Jamestown was a center of mining, transportation and trading activity, which grew fast as a result. In town there were many businesses such as a bank, livery stables, doctors offices, drug stores, butcher shops, hotels, saloons, Masonic Hall, bakery and others. In 1852, the Jamestown Methodist Church was founded and the pre-1861 church building is still in use. Author Prentice Mulford wrote about teaching there in 1862. “My school house was the church, built and paid for partly by the gamblers and partly by the good people of Jimtown 'for the use of all sects’ on Sundays, and for educational purposes on week days.”
The Sierra Railway arrived in Jamestown from Oakdale in 1897 with much fanfare. By taking Fifth Avenue from Highway 120 you are driving or walking along the original railroad corridor to the working roundhouse, locomotives, railcars and site of the Jamestown depot. Since 1919 the rolling stock has appeared in over 200 movies and television shows. Because of massive local public support, in 1983 all historic steam maintenance facilities became Railtown 1897 State Historic Park with an interpretive center, steam train rides, roundhouse tours and depot store. From April to October train rides, special event excursions and many other railroad displays and activities are a part of the seasonal activities.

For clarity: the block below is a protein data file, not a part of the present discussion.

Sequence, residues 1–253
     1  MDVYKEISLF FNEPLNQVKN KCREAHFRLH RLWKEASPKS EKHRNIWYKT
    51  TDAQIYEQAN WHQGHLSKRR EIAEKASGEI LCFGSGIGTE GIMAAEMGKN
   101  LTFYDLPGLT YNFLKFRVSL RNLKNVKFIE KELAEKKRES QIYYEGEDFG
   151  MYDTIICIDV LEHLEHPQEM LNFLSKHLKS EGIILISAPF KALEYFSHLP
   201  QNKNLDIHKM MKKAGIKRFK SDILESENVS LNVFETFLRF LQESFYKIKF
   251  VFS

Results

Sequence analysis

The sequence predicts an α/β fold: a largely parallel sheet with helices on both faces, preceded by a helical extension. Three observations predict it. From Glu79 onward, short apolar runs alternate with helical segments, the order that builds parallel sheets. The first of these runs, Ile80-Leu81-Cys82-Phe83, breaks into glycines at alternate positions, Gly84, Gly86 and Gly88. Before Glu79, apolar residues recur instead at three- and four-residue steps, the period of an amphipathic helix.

As gold mining went up and down through the years and hard rock mining came into play, like the Harvard Mine, many fortunes were made in Jamestown. There have been hard economic times for the town but it has never become a ghost town. Most recently an open pit mine was used to extract gold near the original gold discovery site but closed in 1996 when the price of gold made it unprofitable.
Ramirez-Preston Building: Ignacia Ramirez, female pioneer and native of Mexico, owned this Main Street building constructed in the 1850s. Upstairs was the meeting hall of St. James Masonic Lodge #54. The building was acquired by R. A. Preston in 1877. It served as the Jamestown Post Office in the 1930s, was later the medical office of Dr. James Hadley.
Jamestown churches and cemeteries:
“City” Cemetery: Established in 1850 just south of town, at Woods Way on Highway 108. This is the public cemetery which has the remains of many early pioneers. Carved wooden headstones used to mark many of the burial sites.